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  #941  
Old Posted May 29, 2020, 1:09 AM
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Rubenstein Forum: 05.28.2020





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  #942  
Old Posted Jun 24, 2020, 9:29 PM
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The Rubenstein Forum from early today:



...then, if you turn your head to the left, the new Study hotel is basically almost all the way up!



I was totally shocked by how quickly this had gone up

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  #943  
Old Posted Jun 25, 2020, 4:47 AM
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Question:
Why don't (some) hotels have basements or underground foundations? I noticed that with the Sophy Hotel, too. They just built it right on top of the ground--like the Study--whereas the Rubinstein had a dug down foundation. I think that's why the Study went up so fast.
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  #944  
Old Posted Jun 25, 2020, 7:37 AM
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The Rubinstein looks absolutely stunning!

How are the new dorms under construction one block to the south of the Rubenstein looking?
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  #945  
Old Posted Jun 25, 2020, 1:58 PM
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Originally Posted by Gedung Tinngi View Post
The Rubinstein looks absolutely stunning!

How are the new dorms under construction one block to the south of the Rubenstein looking?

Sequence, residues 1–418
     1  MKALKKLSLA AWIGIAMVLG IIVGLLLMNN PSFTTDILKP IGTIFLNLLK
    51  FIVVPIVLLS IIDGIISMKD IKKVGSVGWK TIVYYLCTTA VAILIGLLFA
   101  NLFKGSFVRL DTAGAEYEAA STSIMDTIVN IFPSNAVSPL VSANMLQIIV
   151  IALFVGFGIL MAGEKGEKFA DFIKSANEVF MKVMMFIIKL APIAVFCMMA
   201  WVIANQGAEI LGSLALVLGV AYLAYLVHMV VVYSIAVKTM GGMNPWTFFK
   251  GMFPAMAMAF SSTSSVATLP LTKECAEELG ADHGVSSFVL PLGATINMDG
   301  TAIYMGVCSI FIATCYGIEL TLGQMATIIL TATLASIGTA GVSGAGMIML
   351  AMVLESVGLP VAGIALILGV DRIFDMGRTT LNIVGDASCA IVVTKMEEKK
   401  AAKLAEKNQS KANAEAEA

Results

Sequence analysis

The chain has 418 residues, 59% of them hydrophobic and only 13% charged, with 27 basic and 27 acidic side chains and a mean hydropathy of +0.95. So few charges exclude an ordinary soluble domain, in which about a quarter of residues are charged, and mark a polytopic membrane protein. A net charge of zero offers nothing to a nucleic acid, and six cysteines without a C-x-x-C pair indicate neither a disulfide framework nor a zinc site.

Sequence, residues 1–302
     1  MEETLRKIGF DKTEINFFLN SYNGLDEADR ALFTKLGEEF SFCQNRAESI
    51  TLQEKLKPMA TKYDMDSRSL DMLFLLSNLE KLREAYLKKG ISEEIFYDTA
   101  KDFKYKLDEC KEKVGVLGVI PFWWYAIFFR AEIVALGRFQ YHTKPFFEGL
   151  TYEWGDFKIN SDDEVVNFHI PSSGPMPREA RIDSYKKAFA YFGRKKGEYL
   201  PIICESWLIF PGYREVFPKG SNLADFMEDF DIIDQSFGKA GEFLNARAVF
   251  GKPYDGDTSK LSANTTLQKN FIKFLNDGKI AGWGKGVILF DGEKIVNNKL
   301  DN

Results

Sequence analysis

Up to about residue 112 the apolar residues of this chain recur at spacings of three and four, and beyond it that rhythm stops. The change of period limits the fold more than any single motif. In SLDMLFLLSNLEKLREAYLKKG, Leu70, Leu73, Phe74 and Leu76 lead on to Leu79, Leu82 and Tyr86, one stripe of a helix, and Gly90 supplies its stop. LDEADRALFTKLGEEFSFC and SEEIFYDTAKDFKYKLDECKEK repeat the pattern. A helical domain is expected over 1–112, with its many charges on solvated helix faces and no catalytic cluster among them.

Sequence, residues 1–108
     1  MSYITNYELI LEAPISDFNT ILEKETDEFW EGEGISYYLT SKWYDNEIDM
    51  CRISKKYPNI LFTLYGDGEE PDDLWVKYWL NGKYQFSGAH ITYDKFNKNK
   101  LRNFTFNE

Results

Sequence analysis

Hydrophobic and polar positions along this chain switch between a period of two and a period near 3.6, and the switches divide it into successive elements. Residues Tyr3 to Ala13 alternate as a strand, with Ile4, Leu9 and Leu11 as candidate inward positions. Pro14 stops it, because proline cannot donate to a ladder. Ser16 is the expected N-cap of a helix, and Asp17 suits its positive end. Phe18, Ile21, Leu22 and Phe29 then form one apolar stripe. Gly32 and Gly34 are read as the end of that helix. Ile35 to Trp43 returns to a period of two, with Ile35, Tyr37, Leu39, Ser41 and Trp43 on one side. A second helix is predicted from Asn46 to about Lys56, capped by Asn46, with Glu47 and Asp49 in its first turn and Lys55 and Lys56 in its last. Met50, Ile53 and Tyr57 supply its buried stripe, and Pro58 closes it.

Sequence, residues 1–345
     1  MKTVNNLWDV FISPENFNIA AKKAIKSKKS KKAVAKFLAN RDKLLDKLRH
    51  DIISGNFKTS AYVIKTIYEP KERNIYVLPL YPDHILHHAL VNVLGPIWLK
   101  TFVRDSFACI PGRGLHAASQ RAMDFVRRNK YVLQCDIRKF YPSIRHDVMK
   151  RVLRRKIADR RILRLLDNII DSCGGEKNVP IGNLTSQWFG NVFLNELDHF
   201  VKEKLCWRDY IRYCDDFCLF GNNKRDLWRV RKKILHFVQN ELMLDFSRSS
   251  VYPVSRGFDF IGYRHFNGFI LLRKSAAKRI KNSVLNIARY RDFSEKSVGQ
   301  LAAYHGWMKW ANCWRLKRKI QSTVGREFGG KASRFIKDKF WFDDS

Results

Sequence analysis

The dorms look good, appear to be fully constructed, perhaps still working on interiors(?). I forgot to take pictures as I was marveling at the Rubenstein. The tallest dorm building creates quite a presence on the south end of campus, as does the Rubenstein and the new hotel.
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  #946  
Old Posted Jun 25, 2020, 2:02 PM
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Quote:
Originally Posted by WestsideLA View Post
Question:
Why don't (some) hotels have basements or underground foundations? I noticed that with the Sophy Hotel, too. They just built it right on top of the ground--like the Study--whereas the Rubinstein had a dug down foundation. I think that's why the Study went up so fast.
It depends on the hotel/situation. Most hotels have surface or first floor back of house and loading docks for easy access delivery of goods, laundry services, etc. Although there are some hotels in Chicago that have lower levels/basements (such as the Radisson Blu in the Aqua, the Fairmont, the Renaissance) all of which benefit from being adjacent to lower Wacker which provides back of house ease of access, away from busy streets above where loading docks would be tricky to do.
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  #947  
Old Posted Jun 25, 2020, 2:29 PM
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Quote:
Originally Posted by WestsideLA View Post
Question:
Why don't (some) hotels have basements or underground foundations? I noticed that with the Sophy Hotel, too. They just built it right on top of the ground--like the Study--whereas the Rubinstein had a dug down foundation. I think that's why the Study went up so fast.
You answered your own question, sort of... developers in Chicago avoid building basements on large buildings whenever possible. This is due to the cost of soil retention/dewatering and the extra months/years it adds to the construction schedule. Sometimes there's no choice, though (like One Chicago).
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  #948  
Old Posted Jun 25, 2020, 3:14 PM
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Quote:
Originally Posted by sentinel View Post
It depends on the hotel/situation. Most hotels have surface or first floor back of house and loading docks for easy access delivery of goods, laundry services, etc. Although there are some hotels in Chicago that have lower levels/basements (such as the Radisson Blu in the Aqua, the Fairmont, the Renaissance) all of which benefit from being adjacent to lower Wacker which provides back of house ease of access, away from busy streets above where loading docks would be tricky to do.